Bidding goodbye to the days of playgrounds for children and teenagers to release their energy and keeping them distracted with tech-packed devices and video-games might be a dangerous step for your child’s mental health, a recent study out of the University of South Carolina has shown.

The longitudinal study examined the association between green space in residential urban neighborhoods and aggressive behaviors for 1287 participants in Los Angeles. The behaviors of participants, all born between 1990 and 1995, were examined between 2000 and 2012.

“Our novel findings support the benefits of neighborhood green space in reducing aggressive behaviors of urban-dwelling adolescents,” the study conclusion reads. “Community-based interventions are needed to determine the efficacy of green space as a preemptive strategy to reduce aggressive behaviors in urban environments.”

The study revealed that those exposed to green space within 1, 000 meters of their residential surroundings are less aggressive.

“Sociodemographic factors (e.g., age, gender, race/ethnicity, and socioeconomic status) and neighborhood quality did not confound or modify these associations, and the benefits remained after accounting for temperature,” the researchers add.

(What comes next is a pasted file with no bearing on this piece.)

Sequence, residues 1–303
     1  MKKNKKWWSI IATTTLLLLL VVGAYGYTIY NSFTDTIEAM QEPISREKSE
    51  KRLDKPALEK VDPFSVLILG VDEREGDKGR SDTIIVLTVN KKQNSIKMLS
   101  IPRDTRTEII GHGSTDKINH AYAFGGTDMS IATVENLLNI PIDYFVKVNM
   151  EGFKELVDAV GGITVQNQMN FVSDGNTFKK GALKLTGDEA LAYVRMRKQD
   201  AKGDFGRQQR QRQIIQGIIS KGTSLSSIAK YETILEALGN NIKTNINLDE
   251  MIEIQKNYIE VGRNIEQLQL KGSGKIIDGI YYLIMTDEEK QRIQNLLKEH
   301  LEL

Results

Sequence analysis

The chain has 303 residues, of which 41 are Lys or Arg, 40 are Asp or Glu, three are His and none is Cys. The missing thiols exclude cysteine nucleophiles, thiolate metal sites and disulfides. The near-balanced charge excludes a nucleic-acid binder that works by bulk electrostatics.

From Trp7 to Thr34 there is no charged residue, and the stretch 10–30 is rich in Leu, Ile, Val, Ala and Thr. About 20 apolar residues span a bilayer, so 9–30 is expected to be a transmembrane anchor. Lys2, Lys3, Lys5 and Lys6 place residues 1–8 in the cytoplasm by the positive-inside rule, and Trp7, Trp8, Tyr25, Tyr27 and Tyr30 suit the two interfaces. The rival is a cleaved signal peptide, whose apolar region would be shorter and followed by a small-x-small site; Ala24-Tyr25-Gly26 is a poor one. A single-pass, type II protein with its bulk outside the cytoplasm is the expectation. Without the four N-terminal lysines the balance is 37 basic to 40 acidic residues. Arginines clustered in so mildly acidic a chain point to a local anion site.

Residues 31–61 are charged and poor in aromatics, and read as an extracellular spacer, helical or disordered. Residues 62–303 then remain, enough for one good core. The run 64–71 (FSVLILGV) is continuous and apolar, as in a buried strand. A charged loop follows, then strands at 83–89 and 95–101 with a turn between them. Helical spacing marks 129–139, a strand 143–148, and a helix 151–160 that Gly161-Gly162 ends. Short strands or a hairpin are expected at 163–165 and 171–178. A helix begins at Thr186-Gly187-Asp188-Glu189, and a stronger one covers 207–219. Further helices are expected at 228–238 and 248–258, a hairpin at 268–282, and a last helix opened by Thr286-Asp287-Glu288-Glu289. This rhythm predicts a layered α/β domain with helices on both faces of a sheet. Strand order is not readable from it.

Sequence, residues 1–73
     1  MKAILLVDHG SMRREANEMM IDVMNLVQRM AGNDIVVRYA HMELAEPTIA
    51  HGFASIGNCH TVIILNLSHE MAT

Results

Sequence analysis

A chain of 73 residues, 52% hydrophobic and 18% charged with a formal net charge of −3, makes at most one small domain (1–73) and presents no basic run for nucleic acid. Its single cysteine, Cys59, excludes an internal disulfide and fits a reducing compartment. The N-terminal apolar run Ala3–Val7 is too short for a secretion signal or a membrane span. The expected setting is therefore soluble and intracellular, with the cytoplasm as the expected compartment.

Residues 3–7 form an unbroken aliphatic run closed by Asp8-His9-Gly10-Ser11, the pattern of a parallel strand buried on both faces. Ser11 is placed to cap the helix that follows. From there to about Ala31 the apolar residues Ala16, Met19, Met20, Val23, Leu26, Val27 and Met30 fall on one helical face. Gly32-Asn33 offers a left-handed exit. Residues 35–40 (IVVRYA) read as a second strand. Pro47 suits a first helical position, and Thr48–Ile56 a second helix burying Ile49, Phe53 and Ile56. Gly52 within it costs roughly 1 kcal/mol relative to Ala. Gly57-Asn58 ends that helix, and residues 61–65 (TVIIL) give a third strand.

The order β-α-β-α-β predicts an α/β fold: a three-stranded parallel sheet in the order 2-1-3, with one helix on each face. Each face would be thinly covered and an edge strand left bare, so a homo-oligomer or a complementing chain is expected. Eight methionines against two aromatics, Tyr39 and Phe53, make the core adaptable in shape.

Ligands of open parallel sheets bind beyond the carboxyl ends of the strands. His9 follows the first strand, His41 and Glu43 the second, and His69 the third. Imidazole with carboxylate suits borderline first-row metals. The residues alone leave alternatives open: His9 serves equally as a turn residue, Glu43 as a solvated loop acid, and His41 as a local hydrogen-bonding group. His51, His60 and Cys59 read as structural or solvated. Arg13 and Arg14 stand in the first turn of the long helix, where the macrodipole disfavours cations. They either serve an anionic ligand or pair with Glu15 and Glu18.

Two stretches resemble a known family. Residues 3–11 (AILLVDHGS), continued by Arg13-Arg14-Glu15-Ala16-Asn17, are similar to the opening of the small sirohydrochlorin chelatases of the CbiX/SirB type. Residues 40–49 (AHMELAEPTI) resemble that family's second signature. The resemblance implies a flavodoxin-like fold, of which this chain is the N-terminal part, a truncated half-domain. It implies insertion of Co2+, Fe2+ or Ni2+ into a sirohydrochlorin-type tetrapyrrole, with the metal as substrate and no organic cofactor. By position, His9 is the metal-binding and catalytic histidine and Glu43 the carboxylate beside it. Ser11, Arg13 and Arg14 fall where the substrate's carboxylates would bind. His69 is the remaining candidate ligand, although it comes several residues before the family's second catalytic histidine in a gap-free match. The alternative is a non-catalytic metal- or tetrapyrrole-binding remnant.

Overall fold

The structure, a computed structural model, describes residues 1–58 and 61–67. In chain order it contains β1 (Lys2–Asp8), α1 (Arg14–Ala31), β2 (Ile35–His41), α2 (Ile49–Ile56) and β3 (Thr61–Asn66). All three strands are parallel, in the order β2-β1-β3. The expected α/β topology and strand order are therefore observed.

A similar study was conducted by the University of Exeter for adults. The study, which included 10, 000 adults, showed that those living in greener areas are less likely to be distressed.

According to the World Health Organization, the availability, accessibility, quality, and security of public green spaces in cities will notably vary within the coming years, while prescribing a minimum of 9 square meters of green space per capita for mental, physical and environmental health.


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